You did it! You passed your finals, you graduated from college, and you even landed the coveted job you have been working so hard to get. So now what?
Many grads are carrying student loans that will be weighing them down for years to come. Since you're facing plenty of new expenses—moving, rent, furniture, a suitable office wardrobe—now is a great time to make a financial plan. Here are six things every new graduate should do:
1. Make a budget
A good starting place for your monthly budget can be easily remembered as “50-30-20." When you receive your first paycheck, sit down and figure out what your monthly take home pay will be. Out of that, put 50% toward needs such as rent, utilities, and groceries. Thirty percent goes toward "wants" such as shopping, entertainment, restaurants, and fun. The final 20% goes to your savings and debt repayment. If your student loans are substantial, you may have to flip the percentages so that 30% goes towards debt repayment and 20% toward wants. By following this plan, you can quickly put a dent in those loans.
2. Manage your debt
Student loans often have multiple tranches with varying interest rates that can be fixed or variable. Your best option is to pay off the loans with the highest interest rates first, though that practice is far less common than you might think. When the time comes to start repaying, access your student debt details online to figure out the interest rates for each tranche. Pay the minimum towards the balances with the lowest interest rates and make your largest debt payments on the balance with the highest interest rate. The biggest mistake you can make is paying the minimum into each loan and waiting until you “make more money when you’re older” to deal with them.
3. Prepare for emergencies
An emergency savings account is the best way to plan for the unexpected. What would you do if your car breaks down and you need $800 to get it fixed? If your laptop stops working and you need one for work, how will you buy a new laptop? What would you do if you lost your phone? People often go into debt to cover unexpected expenses, but it’s a problem that can be solved with a little planning. By contributing a small amount of each paycheck into a conservative investment saving account, you can be better prepared to pay for life’s inevitable emergencies.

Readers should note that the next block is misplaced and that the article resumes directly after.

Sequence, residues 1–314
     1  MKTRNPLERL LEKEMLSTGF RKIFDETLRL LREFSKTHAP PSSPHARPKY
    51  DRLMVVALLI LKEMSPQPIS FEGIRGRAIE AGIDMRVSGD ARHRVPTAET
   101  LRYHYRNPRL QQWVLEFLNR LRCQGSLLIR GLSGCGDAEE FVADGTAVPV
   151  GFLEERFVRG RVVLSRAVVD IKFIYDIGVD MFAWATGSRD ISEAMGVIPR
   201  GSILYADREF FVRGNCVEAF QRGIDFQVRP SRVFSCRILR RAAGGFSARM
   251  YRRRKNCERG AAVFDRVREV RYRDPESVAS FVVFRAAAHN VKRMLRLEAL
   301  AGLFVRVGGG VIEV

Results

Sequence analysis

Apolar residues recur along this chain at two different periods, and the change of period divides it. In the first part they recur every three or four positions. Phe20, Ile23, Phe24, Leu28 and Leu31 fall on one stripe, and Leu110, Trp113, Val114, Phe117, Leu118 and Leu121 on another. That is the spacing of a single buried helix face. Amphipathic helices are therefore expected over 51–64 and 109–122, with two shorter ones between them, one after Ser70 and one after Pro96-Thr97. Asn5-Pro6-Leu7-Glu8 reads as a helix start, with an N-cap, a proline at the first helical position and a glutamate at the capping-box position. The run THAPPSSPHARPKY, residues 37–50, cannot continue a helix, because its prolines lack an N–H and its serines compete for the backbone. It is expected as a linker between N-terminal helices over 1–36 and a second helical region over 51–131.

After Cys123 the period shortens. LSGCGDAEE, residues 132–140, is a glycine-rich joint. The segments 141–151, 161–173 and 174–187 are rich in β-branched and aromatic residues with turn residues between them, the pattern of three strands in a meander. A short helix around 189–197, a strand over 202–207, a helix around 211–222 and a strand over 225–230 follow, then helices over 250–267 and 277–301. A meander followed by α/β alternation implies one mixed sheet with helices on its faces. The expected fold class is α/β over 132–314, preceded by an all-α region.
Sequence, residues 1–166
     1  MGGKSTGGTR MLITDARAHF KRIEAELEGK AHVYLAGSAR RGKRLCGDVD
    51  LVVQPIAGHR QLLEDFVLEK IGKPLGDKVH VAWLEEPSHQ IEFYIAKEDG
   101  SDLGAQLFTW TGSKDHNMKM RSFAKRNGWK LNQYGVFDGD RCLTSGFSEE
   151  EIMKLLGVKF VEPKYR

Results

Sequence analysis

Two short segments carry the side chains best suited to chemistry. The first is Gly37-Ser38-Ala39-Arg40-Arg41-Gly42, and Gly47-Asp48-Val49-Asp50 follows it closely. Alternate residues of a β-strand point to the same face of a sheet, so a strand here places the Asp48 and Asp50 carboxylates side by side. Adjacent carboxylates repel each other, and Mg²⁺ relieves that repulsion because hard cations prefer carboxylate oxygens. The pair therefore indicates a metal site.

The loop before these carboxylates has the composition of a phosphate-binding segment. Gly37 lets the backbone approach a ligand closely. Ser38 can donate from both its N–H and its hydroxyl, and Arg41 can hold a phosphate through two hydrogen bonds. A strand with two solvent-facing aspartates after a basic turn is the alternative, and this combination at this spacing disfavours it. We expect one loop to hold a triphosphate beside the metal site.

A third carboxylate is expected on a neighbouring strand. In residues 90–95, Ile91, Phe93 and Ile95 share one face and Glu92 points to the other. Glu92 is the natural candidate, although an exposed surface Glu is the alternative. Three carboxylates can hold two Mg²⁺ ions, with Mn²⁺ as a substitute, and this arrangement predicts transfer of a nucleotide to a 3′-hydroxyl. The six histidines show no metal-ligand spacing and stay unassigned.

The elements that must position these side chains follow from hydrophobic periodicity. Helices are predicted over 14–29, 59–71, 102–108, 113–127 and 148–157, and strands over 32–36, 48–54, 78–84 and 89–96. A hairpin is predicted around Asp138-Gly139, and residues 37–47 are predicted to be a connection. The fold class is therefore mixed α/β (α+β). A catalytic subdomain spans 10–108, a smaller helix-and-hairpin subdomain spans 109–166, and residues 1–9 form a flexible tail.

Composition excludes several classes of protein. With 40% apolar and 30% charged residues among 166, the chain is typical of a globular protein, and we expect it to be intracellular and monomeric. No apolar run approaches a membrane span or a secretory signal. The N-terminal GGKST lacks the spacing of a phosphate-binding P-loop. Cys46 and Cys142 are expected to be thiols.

4. Take advantage of a 401(k) match
Most employers offer 401(k) retirement plans and many offer some form of a match. A traditional 401(k) is an employer-sponsored retirement plan that allows you to save and invest a portion of your paycheck before taxes are taken out, thus decreasing your tax liability. When an employer offers a match, they are matching your contributions, often up to a certain percentage of your income. By choosing not to fully participate in these programs, you are effectively turning down free money from your employer. Some employers also offer a Roth 401(k), where your contribution is made with after-tax dollars (meaning that you pay the taxes now) and the funds grow tax-free for retirement. The Roth 401(k) is often seen as the better option for younger investors who are typically in a lower tax bracket and who would not get as much benefit from a tax deduction today as they would in retirement.
5. Open a Roth IRA
Similar to a Roth 401(k), a Roth IRA is an individual retirement account allowing you to invest up to $5,500 for the tax year. These accounts are often considered ideal for younger investors, who may benefit from decades of tax-free compounded growth. Investing $5,500/year from age 22 to age 30 may create an account of more than $1 million when you’re using those funds in your retired years. If you invested the same amount annually but waited until your 30s to start, your account might be worth half as much. For Roth IRA contributions in the 2017 tax year, your modified adjusted gross income must be less than $118,000 if you're single (or a combined $186,000 if married.)
6. Automate your savings
By setting up automatic transfers from your checking account to your Roth IRA and emergency savings, you're effectively drawing money straight from your paycheck. This allows your plan to be put into action with minimal maintenance and oversight on your end. Congratulations, graduate! With these six tips you could be on your way to a successful financial future.